Excellent photography that brings together so many elements effortlessly.

Soft touch

Another of my Flickr contacts, Allison (snippets_from_suburbia), provides the latest sample of excellent photographic composition:


It is not often that I would choose an image that includes lens flare to laud. In this case, however, it is an integral part of the composition. This is a picture about the light touch of ideas, and how they germinate once rested upon the soil of one’s mind.

An idea – planted in the mind, nourished sometimes, neglected others – often grows despite receiving neither care nor tending. One can try to pluck at certain ideas to remove them, but the roots are often deep, they take hold, they burrow down into the psyche and consume each moment of one’s day.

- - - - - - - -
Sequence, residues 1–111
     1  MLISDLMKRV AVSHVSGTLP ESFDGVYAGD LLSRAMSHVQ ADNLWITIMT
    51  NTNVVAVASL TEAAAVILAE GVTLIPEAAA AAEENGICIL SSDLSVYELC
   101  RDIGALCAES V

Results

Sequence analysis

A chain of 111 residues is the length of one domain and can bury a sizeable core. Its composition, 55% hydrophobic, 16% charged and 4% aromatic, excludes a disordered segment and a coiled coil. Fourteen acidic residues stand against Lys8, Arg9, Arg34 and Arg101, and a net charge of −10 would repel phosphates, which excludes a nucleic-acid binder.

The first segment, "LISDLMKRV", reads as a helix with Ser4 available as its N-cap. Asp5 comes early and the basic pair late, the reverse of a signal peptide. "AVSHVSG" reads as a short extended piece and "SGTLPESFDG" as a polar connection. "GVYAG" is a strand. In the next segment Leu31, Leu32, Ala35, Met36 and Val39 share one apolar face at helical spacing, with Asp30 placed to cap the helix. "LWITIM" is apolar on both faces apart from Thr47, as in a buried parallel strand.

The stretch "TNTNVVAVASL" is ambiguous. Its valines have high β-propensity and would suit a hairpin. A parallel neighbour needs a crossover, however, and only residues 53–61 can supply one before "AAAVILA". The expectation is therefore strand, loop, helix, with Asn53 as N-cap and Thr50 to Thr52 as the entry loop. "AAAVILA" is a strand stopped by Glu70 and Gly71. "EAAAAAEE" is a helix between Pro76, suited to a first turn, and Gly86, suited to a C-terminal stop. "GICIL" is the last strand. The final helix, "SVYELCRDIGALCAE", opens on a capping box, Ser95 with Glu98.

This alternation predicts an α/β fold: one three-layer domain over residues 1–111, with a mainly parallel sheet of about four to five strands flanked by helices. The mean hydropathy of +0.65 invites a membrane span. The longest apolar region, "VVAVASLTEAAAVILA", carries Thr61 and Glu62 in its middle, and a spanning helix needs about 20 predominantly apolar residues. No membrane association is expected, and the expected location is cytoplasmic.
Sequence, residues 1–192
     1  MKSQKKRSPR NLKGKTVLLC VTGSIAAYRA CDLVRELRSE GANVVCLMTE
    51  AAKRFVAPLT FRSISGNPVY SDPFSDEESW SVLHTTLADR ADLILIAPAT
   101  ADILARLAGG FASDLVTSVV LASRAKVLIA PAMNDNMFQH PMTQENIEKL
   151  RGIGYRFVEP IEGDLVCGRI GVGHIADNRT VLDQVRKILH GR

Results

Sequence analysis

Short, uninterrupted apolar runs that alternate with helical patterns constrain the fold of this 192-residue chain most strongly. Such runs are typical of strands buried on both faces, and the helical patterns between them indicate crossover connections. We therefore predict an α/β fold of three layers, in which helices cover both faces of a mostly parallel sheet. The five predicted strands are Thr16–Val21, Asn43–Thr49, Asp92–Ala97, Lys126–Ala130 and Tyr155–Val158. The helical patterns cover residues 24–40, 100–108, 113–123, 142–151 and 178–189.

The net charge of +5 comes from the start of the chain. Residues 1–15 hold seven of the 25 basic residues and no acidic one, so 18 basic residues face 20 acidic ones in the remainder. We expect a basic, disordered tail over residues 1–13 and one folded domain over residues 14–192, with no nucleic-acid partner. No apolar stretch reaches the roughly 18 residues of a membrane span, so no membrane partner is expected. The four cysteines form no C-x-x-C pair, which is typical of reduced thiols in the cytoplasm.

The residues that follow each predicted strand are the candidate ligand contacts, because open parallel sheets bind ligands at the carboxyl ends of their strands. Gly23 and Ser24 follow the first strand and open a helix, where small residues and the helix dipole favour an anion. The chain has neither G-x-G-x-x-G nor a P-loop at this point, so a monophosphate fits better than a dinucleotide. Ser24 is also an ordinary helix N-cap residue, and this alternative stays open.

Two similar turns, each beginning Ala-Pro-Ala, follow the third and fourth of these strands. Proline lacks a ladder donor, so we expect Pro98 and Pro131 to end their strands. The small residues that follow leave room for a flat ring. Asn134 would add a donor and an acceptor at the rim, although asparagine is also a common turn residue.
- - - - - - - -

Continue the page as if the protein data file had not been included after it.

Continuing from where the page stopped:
As such, the inclusion of such an extreme stretch of negative space – for the thought to grow into – is vital; the subject (itself, interestingly, firmly rooted into the bright surface of mind) is is almost entirely below the secondary golden ratio.

Within all that room, the gradient provided by the lens flare does three things:

  • it represents the light that is needed for a germinated idea to sprout roots and grow.
  • it provides interest and texture to the background
  • it anchors an image that would otherwise be horizontally symmetrical

It is this last point that makes the whole picture work: the subject is centred, yet there are touches that provide a horizontal dynamic. One is the lens flare. The other more subtle: the ever so slight tilt of the seed’s line upwards to the left is counterbalanced by the shadow of its pod, sharply down to the left. Direction. Motion.